The Need for Scrolling
As a data viz consultant, I encounter situations regularly where a client’s wishes, or their data, doesn’t fit neatly into the specified dashboard size. This means, inevitably, I need to introduce scrolling, which I venomently hate on a dashboard. This becomes even worse when you have multiple sheets that tie back to a single header field.
Here’s a terribly messy example (because that’s what they end up looking like):
Now, even after hiding the headers, you have three separate worksheets that do not scroll together. What. A. Pain. Also, not a positive user experience.
So, what’s the solution? Well, parameter actions may be able to help – at least some of the time. The disclaimer is, that with some complicated builds or filters, using the INDEX() calc (which this solution uses) may not be effective. However, this does work for scrolling through a single sheet as well as multiple sheets given the steps I’ve done below.
Setting Up Calcs
The basic premise of this concept is that we set up a parameter value and a subsequent calculation that will return only a specified number of rows based on the INDEX() calculation.
Step 1 | Index
Create a calculation called “Index”. The INDEX() calculation is Tableau’s way of numbering each row in the partition. This means that however you sort the view, the Index value for 1 will be the first row in the table.
Step 2 | Scroll Parameter
Create a parameter called “Scroll” with a data type as float and all allowable values. Unfortunately, you can’t use the Index field to “Add from Field”. But, this shouldn’t be too much of a problem since our parameter will be an action based on the total rows in our (later created) scroll worksheet. So, no worries, my friend.
Step 3 | Show Rows
Next, we need to create a calculation that will only show the rows within a certain range of the parameter value.
The “Show Rows” calculation will show (in this case I’ve selected) 25 rows based on the index value. So if the index value is 25, we will show rows 1-25. If it’s set to 40, only rows 15-40 will populate. Because the first 25 rows shouldn’t move until the parameter goes past 25 and I want 25 rows to show even if you are scrolling on row 5, I set the calculation to basically do nothing until you scroll past the 25th mark, hence the first part of the calculated statement below.
Step 4 | Build the Table or Graph
Build your table or view with the necessary headers and charts you need. If you are building more than one chart that need to scroll together then be sure to have the same headers, so that you have the exact same number of rows in both (or all) worksheets you will put on your dashboard.
Here’s how my first table looked:
While you don’t have to, I added the Index calculation to my table so that the viewer could see the scrolling numbers. However, you don’t need it as a header at all. As long as it’s on the detail shelf you are golden. Make sure you have the Index field set to “compute using table down” since we want the numbers to just count down the rows of our table.
Step 5 | Scroll Indicator on Table
Because sometimes people can scroll faster than then intend to, or the delay is a little glitchy, I added a scroll indicator so that the viewer could see if they actually scrolled further than intended. Sometimes it’s hard to follow the numbers, so the color is easy to pick out in the movement (side note: pre-attentive attributes, folks). The calculation renders true when the value is divisible by 25. I chose this because I set my table to be 25 rows high. You can change this depending on how many rows you want to show in your dashboard. The result is the little circle you see move up and down as you scroll (see image above).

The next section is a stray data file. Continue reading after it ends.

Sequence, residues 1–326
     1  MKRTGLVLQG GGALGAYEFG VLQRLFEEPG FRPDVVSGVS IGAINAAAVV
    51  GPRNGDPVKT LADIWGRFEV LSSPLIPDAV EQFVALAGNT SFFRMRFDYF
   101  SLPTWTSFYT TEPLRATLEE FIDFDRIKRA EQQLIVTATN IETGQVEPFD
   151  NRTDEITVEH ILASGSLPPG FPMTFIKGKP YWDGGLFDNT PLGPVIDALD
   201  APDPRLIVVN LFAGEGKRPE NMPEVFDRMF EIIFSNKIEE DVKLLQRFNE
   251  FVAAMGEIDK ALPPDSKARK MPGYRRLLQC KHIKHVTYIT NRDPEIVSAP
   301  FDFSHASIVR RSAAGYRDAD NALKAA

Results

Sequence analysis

Step 6 | Create the Scroll Bar
The scroll bar is what will (eventually) will drive our parameter action from. The main objective is just to set up a set of marks that has the same number of rows as the main table (or graph) we want to scroll. If our table has 200 rows, we need the scroll bar to have 200 rows so that the parameter will connect one with the other.
This means you need to create the same number of marks on the scroll bar sheet as the main table/graph sheet. (Note, that once you put the “Show Rows” calc on the filter, you will obviously only have the number of marks you specified.)
The tricky part here is to ensure all the fields on your main table/graph are on your level of detail shelf so that your marks match up. Then set your Index calc to compute using all of those partitioning fields.
Step 7 | Scroll Indicator on Scroll Bar
To add the color to show where your user is scrolling, simply create a calculation that is true when the value of the Index equals the value of the parameter and put that on the color shelf (see above).
Step 8 | Hook Up the Dashboard
The last step is to create a dashboard, set the filter, and hook up the parameter. First, put the “Show Rows” calculation on your worksheet so that only the designated rows determined by the parameter value show up. Next, create your dashboard and set up your table/graph and your scroll bar worksheets side by side. Set both to view “Entire View”.
Next, create your parameter action. Go to Dashboard — Actions… and “Add Action”.
You will want to have this run when the user interacts with the Scroll Bar worksheet on hover. with the target parameter of the “Scroll” parameter. The field is INDEX().
This should be the result:
Or this with the multiple charts (pardon my shotty video capture, but you get the point).
Hopefully, that is helpful. However, I’m aware sometimes directions are only as clear as the one who is describing them and I won’t admit to always be the clearest individual on the planet.
As always, feel free to reach out on Twitter or email if you have questions or other ideas related to this idea!
Link to the dashboard, which you can download, can be found here.